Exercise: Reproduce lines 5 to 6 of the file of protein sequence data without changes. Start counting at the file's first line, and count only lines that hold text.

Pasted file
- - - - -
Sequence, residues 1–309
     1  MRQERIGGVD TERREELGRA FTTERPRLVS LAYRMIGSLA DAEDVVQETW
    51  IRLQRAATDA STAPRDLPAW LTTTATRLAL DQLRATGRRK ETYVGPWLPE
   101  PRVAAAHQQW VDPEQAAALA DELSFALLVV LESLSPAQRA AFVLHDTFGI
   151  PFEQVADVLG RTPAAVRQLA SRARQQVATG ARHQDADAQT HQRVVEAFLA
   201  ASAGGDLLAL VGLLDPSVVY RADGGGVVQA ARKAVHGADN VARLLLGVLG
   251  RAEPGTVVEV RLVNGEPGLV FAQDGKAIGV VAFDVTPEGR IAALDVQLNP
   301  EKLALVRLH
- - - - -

   151  PFEQVADVLG RTPAAVRQLA SRARQQVATG ARHQDADAQT HQRVVEAFLA
   201  ASAGGDLLAL VGLLDPSVVY RADGGGVVQA ARKAVHGADN VARLLLGVLG